Johnson v. State, 17343

CourtUnited States State Supreme Court of Mississippi
Writing for the CourtREED, J.
Citation65 So. 218,107 Miss. 196
PartiesS. L. JOHNSON v. STATE
Docket Number17343
Decision Date25 May 1914

65 So. 218

107 Miss. 196

S. L. JOHNSON
v.
STATE

No. 17343

Supreme Court of Mississippi

May 25, 1914


APPEAL from the circuit court of Claiborne county. HON. H. C. MOUNGER, Judge.

S. L. Johnson was convicted of murder and appeals. The facts are fully stated in the opinion of the court.

Case reversed and remanded.

C. A. French, for appellant.

What purported to be a confession made by Johnson to Fitzgerald, should not have been admitted in evidence against the defendant, for two reasons, first, the confession was not shown to be absolutely free and voluntary, such as the law requires, and, second, for the reason that the corpus delicti was not clearly shown.

As to the first reason, I wish to say that there is no statute in this state regulating the admission of confessions, against one charged with crime, and therefore the admission of confessions depends entirely upon judicial annunciation of what the law is, as to what constitutes a confession, and when it is admissible.

A confession that may be used against a person who is charged with crime, and is on trial, as defined by McKelvey on Evidence at page 111, sec. 75, is as follows, confessions are admissions of guilt made by persons accused of crime. Confessions to be admissible in evidence must be voluntary, if made as the result of threats or inducement they are inadmissible. McKelvey on Evidence, page 114, sec. 76. The important element in determining the admissibility of a confession, is that it should be voluntary. If it is voluntary within the definition of that term as laid down by the courts, it satisfies the only condition required.

The important quality of a confession is that it be spontaneous. The question then arises, did Johnson make a confession of guilt to Fitzgerald? If he did not, then the confession as detailed by the witnesses was clearly inadmissible. Fitzgerald told Johnson that he was a spiritualist, and that he could look down into his black heart and see the diabolic crime that he had committed, and that he, Johnson, was a liar. This was all done at the time when Johnson was sick, had fever, and was under the influence of medicines which had been administered by Dr. Hicks, and when Johnson was certainly in no fit condition to talk business of any kind, much less to make evidence that would be used against him, and might cost him his life, and as Fitzgerald said, that Johnson had spent a sleepless night, and was in a nervous condition, and was in jail and being hounded by all of the newspaper reporters in Vicksburg. Fitzgerald told Johnson, while in this condition, that he had better confess the crime and relieve his soul of the crime. Fitzgerald was then holding himself out as a spiritualist, and posing as Johnson's spiritual adviser. This was nothing less than a promise of reward that rendered the confession, if made, inadmissible.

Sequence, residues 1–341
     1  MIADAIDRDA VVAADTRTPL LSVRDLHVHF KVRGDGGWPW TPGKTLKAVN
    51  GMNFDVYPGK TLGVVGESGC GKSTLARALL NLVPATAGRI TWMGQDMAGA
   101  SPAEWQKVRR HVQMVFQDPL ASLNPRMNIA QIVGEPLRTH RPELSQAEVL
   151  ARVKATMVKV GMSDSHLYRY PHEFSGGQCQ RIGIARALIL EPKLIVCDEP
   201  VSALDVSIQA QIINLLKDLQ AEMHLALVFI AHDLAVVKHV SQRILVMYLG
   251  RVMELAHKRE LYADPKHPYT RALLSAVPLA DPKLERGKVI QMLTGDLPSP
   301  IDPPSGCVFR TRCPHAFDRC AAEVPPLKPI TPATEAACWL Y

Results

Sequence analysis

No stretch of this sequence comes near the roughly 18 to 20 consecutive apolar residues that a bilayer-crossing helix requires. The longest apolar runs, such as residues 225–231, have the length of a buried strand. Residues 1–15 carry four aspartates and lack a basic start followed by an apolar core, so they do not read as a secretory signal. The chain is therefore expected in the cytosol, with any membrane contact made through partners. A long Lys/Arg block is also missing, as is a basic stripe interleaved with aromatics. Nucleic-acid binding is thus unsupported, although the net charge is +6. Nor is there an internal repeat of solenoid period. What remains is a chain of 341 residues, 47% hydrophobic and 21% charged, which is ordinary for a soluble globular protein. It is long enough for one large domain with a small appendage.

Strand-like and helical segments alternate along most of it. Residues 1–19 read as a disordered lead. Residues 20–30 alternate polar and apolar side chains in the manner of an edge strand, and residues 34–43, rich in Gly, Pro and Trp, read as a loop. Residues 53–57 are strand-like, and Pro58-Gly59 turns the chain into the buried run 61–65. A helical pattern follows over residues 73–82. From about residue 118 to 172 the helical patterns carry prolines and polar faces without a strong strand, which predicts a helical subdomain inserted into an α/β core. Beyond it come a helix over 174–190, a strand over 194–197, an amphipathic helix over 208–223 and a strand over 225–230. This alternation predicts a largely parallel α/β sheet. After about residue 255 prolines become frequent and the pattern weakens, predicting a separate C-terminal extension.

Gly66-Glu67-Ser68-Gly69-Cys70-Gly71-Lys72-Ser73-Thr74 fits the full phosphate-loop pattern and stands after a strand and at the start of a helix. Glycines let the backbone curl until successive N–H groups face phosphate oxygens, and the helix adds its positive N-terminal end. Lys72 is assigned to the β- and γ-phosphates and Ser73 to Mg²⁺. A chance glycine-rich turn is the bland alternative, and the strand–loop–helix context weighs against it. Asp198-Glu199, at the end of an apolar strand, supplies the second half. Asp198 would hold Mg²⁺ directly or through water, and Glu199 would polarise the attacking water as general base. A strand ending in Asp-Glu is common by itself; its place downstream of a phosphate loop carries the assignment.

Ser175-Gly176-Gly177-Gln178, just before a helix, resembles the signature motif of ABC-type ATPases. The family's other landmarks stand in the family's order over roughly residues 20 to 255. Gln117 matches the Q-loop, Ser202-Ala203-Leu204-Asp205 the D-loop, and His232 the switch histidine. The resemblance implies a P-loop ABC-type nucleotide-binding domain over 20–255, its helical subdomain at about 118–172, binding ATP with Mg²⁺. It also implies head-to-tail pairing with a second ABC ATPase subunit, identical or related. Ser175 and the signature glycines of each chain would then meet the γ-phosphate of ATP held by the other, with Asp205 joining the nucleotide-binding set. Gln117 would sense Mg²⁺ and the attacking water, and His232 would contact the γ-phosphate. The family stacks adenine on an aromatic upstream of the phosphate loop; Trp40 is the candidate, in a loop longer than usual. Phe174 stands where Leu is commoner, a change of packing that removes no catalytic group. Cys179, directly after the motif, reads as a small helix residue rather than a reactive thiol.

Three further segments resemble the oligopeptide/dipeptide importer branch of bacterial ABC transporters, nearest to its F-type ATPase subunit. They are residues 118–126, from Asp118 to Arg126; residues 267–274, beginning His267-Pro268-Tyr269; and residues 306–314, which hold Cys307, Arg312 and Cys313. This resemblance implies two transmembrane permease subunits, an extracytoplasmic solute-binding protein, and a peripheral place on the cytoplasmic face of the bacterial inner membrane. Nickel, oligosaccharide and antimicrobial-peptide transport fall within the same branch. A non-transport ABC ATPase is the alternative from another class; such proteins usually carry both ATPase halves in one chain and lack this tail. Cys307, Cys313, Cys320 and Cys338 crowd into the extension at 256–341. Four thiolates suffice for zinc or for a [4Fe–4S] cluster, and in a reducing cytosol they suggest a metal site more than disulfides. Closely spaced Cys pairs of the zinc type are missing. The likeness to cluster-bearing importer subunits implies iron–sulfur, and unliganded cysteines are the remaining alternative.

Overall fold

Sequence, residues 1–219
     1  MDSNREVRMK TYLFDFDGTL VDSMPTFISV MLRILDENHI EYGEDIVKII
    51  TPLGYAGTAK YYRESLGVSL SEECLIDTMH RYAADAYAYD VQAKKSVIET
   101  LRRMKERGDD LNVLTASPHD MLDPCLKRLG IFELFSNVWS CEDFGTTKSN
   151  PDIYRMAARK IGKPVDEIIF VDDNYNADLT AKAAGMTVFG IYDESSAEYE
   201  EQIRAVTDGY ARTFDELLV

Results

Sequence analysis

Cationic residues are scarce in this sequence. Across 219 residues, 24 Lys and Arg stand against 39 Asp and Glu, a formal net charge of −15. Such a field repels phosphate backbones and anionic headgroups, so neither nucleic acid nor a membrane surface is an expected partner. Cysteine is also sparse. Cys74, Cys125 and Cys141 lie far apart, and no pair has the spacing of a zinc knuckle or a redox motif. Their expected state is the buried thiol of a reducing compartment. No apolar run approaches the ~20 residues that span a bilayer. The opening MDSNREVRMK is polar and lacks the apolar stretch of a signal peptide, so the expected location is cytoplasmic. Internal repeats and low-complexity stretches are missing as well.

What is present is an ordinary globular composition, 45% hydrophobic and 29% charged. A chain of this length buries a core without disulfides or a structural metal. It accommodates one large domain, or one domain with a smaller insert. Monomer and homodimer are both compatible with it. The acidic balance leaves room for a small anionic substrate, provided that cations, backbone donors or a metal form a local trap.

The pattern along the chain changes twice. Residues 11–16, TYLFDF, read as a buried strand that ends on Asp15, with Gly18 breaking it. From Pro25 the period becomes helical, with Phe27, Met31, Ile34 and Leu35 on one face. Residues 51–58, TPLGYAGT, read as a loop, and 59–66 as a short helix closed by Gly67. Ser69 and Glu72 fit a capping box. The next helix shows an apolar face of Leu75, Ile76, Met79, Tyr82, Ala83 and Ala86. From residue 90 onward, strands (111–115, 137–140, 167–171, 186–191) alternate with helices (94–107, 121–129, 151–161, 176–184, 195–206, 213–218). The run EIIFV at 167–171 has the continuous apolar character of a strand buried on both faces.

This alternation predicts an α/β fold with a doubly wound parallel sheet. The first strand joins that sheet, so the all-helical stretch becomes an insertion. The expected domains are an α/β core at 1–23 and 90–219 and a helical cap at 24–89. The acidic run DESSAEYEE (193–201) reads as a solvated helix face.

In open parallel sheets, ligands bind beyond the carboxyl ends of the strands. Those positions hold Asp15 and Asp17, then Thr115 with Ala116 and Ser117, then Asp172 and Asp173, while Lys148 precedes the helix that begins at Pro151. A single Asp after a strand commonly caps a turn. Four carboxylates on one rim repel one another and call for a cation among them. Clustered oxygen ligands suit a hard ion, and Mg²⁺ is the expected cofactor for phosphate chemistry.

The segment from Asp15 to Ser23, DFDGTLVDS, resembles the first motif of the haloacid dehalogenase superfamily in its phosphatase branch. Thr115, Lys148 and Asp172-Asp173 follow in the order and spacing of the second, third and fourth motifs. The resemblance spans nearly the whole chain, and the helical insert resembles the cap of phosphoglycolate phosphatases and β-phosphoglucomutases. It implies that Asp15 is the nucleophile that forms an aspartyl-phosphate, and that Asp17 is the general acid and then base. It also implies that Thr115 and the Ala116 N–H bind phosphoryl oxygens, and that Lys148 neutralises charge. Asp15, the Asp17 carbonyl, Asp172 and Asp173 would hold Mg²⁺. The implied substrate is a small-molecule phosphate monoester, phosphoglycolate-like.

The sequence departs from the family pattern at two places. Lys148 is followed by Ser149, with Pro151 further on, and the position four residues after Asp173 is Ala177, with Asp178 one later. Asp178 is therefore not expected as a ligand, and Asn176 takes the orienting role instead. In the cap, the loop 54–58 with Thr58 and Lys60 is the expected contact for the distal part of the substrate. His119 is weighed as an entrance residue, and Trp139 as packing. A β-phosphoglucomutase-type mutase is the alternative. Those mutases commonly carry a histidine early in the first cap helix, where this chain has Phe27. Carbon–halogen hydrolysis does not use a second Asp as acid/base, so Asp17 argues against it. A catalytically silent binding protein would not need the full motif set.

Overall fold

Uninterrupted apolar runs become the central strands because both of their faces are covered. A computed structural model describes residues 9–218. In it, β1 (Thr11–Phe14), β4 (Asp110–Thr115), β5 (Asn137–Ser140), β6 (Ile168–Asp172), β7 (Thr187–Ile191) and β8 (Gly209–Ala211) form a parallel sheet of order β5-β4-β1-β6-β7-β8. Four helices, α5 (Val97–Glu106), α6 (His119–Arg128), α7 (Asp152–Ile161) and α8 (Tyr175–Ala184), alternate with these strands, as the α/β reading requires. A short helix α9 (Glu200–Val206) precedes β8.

This confession is testified to by Fitzgerald, was not that sort of a spontaneous, free and voluntary confession that the law recognizes as admissible in evidence against one charged with crime. This was not the sort of a confession that comes from a clear and unclouded mind, that the law regards as sufficient to be used in evidence against the party making it. See note to sec. 80, page 118, McKelvey on Evidence.

The learned judge, who tried this case, should not have excluded the evidence of Dr. Acker, page 138-129, that evidence tended to show that a man sick with fever and taking quinine and other drugs usually administered by a doctor in malarial fevers, was not in a mental condition to make a clear statement of the fact that could be used in evidence against him as a confession. This evidence should have gone to the jury, or at least a part of it. This ruling of the court excluded from the consideration of the jury all evidence as to the mental condition of Johnson at the time he was supposed to have made the confession, and with the confession before the jury and no evidence whatever to rebut it, was very prejudicial to the defendant.

I respectfully submit that this was error in the learned trial judge. In McKelvey on Evidence, sec. 84, page 120, and in the note to that section it is held, that: "The question as to the mental condition of the accused at the time of making the confession is held to be for the jury to determine upon such evidence as both sides may submit."